Having overweight/obesity (OW/OB) as a child is a strong predictor of adult obesity; however, parents may not be aware or recognize that their child has OW/OB. Accurate perception of weight status is essential in obesity prevention and treatment. Limited research has studied parent perception of child weight status in low-income Hispanic populations. This study examined the relationship between parent perception of child BMI category and actual child BMI category, and investigated differences between Hispanic and non-Hispanic parents.


Data were collected from 1950 3rd-5th graders from TX Sprouts, a cluster-randomized nutrition, gardening, and cooking intervention at 16 primarily low-income, Hispanic elementary schools around Austin, TX. Parent and child measures collected at baseline included: child age, sex, height, weight, BMI percentile, free/reduced lunch participation, and parent race/ethnicity and perception of child BMI category via self-administered questionnaire (I think my child is a-underweight, b-normal, c-overweight, d-obese). Chi-square tests assessed differences in percentages between actual and perceived BMI categories. Cohen’s Kappa assessed the concordance between parent perception of child BMI category and actual child BMI category.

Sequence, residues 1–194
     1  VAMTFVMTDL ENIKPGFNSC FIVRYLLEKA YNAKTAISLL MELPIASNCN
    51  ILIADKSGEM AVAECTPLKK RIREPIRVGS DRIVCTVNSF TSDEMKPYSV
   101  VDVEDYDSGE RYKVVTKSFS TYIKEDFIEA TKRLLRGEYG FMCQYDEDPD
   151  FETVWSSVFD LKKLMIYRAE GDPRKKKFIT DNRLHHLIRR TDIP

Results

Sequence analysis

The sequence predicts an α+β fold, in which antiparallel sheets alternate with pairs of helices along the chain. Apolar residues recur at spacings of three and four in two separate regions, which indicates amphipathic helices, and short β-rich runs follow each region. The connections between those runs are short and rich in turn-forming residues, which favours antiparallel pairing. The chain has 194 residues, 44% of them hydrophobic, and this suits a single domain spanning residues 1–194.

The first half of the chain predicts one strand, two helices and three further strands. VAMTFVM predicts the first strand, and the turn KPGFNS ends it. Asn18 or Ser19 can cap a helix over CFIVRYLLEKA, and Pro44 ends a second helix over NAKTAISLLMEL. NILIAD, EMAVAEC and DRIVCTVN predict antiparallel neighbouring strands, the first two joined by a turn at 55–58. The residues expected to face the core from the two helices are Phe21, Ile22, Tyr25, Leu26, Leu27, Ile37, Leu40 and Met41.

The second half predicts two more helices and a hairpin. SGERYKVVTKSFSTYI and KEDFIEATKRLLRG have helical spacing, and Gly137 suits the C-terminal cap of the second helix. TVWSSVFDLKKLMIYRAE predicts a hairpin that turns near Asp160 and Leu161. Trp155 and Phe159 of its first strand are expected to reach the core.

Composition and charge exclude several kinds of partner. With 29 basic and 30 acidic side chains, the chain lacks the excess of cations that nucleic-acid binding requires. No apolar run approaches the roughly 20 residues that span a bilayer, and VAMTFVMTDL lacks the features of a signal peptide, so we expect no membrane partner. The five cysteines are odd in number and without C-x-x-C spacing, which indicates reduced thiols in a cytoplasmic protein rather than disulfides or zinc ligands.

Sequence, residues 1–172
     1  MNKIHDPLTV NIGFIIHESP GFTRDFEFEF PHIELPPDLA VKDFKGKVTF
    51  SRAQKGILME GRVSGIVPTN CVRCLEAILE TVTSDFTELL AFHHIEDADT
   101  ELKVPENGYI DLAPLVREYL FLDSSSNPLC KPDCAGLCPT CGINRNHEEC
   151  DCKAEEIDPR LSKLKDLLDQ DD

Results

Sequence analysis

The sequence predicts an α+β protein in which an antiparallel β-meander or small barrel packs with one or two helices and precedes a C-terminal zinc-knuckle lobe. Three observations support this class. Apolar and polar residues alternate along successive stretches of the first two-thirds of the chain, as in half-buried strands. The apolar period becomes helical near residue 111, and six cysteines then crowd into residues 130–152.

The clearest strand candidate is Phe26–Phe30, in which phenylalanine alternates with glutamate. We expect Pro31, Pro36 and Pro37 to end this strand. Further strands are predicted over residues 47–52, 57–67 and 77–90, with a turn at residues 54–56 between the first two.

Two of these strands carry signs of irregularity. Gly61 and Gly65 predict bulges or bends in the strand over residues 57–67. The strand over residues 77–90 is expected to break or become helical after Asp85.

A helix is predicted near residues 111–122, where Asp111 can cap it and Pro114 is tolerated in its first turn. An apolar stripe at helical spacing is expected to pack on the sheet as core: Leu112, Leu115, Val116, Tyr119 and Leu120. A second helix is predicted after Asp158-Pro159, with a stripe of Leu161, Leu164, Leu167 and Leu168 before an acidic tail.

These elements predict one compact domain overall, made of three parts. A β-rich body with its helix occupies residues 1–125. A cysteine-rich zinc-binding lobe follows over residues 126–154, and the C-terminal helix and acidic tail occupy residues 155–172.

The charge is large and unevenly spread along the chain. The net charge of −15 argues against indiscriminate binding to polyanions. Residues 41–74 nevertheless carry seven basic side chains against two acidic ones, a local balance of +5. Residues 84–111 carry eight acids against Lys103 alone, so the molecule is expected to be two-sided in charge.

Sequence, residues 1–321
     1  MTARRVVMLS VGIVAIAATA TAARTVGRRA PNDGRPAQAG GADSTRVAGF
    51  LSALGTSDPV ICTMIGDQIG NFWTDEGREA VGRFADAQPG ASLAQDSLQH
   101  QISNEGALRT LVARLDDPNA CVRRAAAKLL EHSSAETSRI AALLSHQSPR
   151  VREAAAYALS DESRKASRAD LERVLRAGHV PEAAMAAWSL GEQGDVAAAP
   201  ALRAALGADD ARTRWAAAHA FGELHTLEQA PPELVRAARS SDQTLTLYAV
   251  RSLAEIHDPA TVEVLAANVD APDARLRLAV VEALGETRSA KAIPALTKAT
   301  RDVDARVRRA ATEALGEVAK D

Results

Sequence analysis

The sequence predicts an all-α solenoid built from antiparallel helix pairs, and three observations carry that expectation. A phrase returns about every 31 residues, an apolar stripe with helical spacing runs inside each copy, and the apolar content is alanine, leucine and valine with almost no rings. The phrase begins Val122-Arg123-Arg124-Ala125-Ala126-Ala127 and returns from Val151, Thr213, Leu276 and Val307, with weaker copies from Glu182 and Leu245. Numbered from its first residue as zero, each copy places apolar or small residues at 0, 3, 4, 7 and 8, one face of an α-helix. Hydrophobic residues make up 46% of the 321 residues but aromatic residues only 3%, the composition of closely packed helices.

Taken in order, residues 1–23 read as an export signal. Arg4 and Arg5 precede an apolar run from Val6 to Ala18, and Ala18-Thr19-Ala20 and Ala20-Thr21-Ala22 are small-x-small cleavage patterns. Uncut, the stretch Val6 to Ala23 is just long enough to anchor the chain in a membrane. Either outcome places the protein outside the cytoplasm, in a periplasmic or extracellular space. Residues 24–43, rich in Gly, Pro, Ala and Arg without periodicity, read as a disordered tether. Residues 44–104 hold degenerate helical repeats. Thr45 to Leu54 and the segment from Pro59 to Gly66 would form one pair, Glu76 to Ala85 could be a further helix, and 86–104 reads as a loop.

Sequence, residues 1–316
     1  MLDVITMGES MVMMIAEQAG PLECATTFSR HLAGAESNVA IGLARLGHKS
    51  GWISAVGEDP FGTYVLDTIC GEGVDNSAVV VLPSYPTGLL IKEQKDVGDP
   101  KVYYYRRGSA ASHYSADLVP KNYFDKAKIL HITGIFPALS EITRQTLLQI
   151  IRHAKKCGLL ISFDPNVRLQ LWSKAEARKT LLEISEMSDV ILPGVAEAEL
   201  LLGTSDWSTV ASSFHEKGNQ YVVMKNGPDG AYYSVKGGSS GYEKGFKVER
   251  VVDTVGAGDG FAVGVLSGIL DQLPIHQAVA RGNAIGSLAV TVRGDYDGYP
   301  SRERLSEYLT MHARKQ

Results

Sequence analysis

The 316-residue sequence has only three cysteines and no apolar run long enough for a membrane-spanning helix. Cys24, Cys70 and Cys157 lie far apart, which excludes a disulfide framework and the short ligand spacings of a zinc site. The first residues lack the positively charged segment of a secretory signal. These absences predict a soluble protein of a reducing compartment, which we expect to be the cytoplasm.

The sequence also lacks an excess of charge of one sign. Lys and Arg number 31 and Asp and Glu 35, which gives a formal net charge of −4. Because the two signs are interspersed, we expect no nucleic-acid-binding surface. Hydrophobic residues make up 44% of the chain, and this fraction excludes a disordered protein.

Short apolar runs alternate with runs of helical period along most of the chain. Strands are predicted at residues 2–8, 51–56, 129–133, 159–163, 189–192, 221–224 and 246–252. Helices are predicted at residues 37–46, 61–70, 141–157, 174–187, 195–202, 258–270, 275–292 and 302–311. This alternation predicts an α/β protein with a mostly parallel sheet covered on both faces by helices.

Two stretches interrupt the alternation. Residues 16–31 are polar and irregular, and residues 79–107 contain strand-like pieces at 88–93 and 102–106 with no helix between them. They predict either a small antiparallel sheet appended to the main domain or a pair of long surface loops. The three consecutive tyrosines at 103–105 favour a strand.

Students were 66% Hispanic, 53% female, and 69% low-income, with a mean age of 9.2 years. Overall, 49% of parents underestimated their child’s BMI category (κ = 0.13, p<0.001). Underestimation was higher among Hispanic parents, with 53% underestimating their child’s BMI category, compared to 43% of non-Hispanic parents (κ = 0.14, p<0.001). Only 1% of parents perceived their children to have obesity, despite 28% of children actually having obesity.


These findings suggest that many parents are unable to perceive OW/OB in their children, creating a barrier to potential treatment. Results highlight the need to educate parents on appropriate prevention and treatment options to avoid further complications of OW/OB.